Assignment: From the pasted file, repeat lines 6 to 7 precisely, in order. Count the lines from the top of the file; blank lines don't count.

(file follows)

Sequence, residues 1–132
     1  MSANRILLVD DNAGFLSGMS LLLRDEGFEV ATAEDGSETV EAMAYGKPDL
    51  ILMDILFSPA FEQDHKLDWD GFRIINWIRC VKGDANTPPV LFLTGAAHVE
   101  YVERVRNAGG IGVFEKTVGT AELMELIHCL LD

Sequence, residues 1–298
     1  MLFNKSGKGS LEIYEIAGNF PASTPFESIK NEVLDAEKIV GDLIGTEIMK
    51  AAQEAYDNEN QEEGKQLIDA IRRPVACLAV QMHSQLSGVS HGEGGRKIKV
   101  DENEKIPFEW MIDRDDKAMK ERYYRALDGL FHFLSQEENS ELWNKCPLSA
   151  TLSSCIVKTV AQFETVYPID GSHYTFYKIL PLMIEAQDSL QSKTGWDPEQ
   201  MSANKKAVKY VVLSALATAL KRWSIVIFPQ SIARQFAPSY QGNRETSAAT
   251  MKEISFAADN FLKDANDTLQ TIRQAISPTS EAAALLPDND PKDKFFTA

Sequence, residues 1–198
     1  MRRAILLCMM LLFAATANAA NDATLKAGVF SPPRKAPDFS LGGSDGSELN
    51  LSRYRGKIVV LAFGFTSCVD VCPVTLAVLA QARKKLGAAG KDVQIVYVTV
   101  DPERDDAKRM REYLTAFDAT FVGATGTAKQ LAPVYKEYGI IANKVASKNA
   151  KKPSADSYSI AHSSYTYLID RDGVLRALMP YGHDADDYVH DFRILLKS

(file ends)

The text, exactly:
     1  MLFNKSGKGS LEIYEIAGNF PASTPFESIK NEVLDAEKIV GDLIGTEIMK
    51  AAQEAYDNEN QEEGKQLIDA IRRPVACLAV QMHSQLSGVS HGEGGRKIKV